Smoky quartzAugust 11, 2012
Your first visit to Namibia?August 11, 2012
Text Christine Hugo
It’s a strange phenomenon, but it’s indisputably true. Most tourists come to Namibia hoping to experience the Big Six – lion, elephant, Cape buffalo, leopard, rhinoceros and Joe’s Beerhouse.
There cannot be too many restaurants in the world that have become as much of a tourist destination as Joe’s. Over the past twenty years thousands of tourists have flocked to this famous waterhole to see what the fuss is all about. And what exactly, one has to wonder, is it about Joe’s that draws an average of 300 visitors a day, year in and year out, with as many as 600 people dropping in on busy days?
“I think people like the quirky atmosphere, the variety of game dishes on the menu and our generous portions,” offers Joe’s wife, Anette.
Quirky it is. In fact, Joe’s Beerhouse is a fine example of how one man’s trash is another man’s treasure. There is no sense to be made out of the enormous collection of stuff that makes up the interior decor of the restaurant. Scrap metal, old household relics, eccentric collections of memorabilia, bar stools made from toilet seats, the biggest ox horns you’ve ever seen, the trophies of two kudu bulls entwined, and more empty Jägermeister bottles than you’ll be able to contemplate in a lifetime.
“I’m very happy and proud of what we’ve achieved,” says Joe Gross – the Joe of Joe’s Beerhouse – creative director of the most famous restaurant in the country.
Travel companies started to book for busloads of foreign visitors and with every satisfied delegation that left, word spread and the demand grew
Not that he had any idea that this would be his destiny when he first immigrated to Namibia in 1986.
Qualified as a German master chef, Joe opened the Kaiserkrone Restaurant with a partner. After three years his partner decided to return to Germany, so they sold the business. Joe decided to open a cosy little pub where patrons could relax with a beer and a bite to eat, and so the very first Joe’s Beerhouse was opened in 1990 in Grimm Street. Before long the little pub was bursting at the seams, and after two years the beer house moved to a new location in Independence Avenue. Up until then Joe’s was primarily a pub with a limited food menu, but recognising the demand, Joe decided to develop the business into a full-fledged restaurant at the larger premises.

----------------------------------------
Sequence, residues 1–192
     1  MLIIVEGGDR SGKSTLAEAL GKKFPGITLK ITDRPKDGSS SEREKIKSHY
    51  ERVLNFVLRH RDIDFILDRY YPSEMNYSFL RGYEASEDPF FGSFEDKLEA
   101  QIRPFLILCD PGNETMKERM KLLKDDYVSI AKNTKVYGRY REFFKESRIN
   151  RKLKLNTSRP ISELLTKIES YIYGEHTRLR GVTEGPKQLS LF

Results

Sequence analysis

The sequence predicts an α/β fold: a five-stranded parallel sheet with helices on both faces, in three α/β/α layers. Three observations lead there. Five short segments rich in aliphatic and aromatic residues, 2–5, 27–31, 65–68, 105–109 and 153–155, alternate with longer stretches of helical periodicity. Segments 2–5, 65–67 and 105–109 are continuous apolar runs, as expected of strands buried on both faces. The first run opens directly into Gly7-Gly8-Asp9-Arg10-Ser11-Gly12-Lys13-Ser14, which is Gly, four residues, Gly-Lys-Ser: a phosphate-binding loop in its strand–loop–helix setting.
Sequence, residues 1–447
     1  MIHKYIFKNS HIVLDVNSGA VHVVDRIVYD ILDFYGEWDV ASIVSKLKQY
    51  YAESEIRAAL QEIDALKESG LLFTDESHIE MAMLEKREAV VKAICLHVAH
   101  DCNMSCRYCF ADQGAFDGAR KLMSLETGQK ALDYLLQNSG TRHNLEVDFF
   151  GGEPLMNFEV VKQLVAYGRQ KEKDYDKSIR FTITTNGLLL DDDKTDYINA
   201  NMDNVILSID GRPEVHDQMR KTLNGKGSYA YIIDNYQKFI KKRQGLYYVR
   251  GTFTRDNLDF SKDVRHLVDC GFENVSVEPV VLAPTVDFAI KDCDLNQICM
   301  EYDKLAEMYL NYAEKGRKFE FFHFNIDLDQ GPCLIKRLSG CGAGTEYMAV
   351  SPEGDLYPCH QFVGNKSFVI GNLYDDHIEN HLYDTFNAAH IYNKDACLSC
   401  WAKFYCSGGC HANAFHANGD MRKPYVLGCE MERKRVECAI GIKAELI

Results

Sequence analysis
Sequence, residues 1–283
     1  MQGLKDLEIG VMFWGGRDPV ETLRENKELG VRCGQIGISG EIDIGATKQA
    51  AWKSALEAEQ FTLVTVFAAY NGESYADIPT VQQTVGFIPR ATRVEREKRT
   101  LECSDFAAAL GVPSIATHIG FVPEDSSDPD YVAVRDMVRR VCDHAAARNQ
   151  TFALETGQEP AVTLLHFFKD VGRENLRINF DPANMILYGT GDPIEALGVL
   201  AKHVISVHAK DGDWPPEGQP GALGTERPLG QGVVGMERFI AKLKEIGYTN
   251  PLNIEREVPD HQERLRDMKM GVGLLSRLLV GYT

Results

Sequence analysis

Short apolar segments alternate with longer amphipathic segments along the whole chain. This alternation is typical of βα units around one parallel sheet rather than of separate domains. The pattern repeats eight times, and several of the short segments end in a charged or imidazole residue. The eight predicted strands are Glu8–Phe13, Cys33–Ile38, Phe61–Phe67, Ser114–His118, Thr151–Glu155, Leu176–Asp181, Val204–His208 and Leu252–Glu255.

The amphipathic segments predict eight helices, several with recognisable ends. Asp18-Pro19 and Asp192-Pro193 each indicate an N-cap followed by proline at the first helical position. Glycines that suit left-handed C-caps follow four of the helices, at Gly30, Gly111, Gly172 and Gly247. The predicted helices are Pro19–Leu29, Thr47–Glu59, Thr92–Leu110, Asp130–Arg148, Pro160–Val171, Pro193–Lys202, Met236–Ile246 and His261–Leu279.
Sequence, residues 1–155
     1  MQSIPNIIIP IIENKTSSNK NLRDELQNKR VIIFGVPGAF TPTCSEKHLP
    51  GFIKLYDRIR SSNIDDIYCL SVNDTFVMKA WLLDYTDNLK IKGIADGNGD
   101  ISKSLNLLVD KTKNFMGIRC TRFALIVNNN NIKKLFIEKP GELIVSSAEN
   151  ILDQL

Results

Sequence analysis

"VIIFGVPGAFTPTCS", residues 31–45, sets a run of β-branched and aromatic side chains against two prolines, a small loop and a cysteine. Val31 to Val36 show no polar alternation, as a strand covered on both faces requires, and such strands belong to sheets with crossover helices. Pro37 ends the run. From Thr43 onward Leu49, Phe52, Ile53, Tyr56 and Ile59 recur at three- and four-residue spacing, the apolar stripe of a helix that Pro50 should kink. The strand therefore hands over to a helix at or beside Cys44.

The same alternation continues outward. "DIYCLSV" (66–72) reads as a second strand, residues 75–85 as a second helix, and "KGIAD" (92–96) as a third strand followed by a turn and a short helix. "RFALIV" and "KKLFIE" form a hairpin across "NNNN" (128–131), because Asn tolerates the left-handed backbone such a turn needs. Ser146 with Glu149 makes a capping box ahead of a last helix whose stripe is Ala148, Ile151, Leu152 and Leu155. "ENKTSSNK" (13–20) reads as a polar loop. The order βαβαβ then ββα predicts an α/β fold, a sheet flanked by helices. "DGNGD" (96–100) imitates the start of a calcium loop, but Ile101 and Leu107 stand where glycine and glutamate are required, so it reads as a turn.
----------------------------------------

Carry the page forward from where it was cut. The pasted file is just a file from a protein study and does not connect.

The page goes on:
Tourists and locals welcomed the generous portions of game and other meat dishes, and before long the gemsbok fillets, Bushman’s sosaties (mixed game kebabs that include ostrich, crocodile, zebra and kudu) and meat platters were flying off the grill. Travel companies started to book for busloads of foreign visitors and with every satisfied delegation that left, word spread and the demand grew.
Ever a restless, creative soul, Joe continued to collect paraphernalia for his beer house, forever adding, changing and reinventing the restaurant. Six years later the former cosy pub had become a must-do on the Namibian tourist itinerary and showed no signs of slowing down. Yet again he had to move. “What I have built up here was done with passion,” says Joe, ascribing the popularity of the restaurant to good service and hands-on involvement.
Joe and Anette plan to open more Joe’s Beerhouse restaurants based on the same concept throughout Namibia and in South Africa
In 2000 Joe and Anette took a bold step and purchased their own property to accommodate Joe’s Beerhouse. “I was quite scared to make that move,” Joe recalls. “I wasn’t sure that all our customers would follow us to the new location, but fortunately they did.”
Everybody at the time wondered how Joe would manage to create the same quirky, intimate atmosphere in a space that was much larger than the previous one, but not only did he manage to match what he had achieved previously, but also to exceed it. The new venue at 160 Nelson Mandela Avenue includes three thatched bar areas, a thatched lapa, a beer garden, a well-stocked wine cellar and an open-air wooden boma with a fireplace that is excellent in winter and especially popular for private functions and parties.
In 2007 Joe and Anette converted Joe’s Beerhouse into a private company and introduced a unique shareholder policy with the vision to expand the business and open more Joe’s Beerhouse restaurants based on the same concept throughout Namibia and in South Africa.
With all these ambitions for the future, the couple is busier than ever before, and not only with the beer house. Joe is a keen bird photographer and is currently working on a Namibian book on birds. There is also talk of a lodge opening on the Zambezi River, so their work is far from done; in some respects it’s only just begun.
This article appeared in the Oct’11 edition of FLAMINGO Magazine.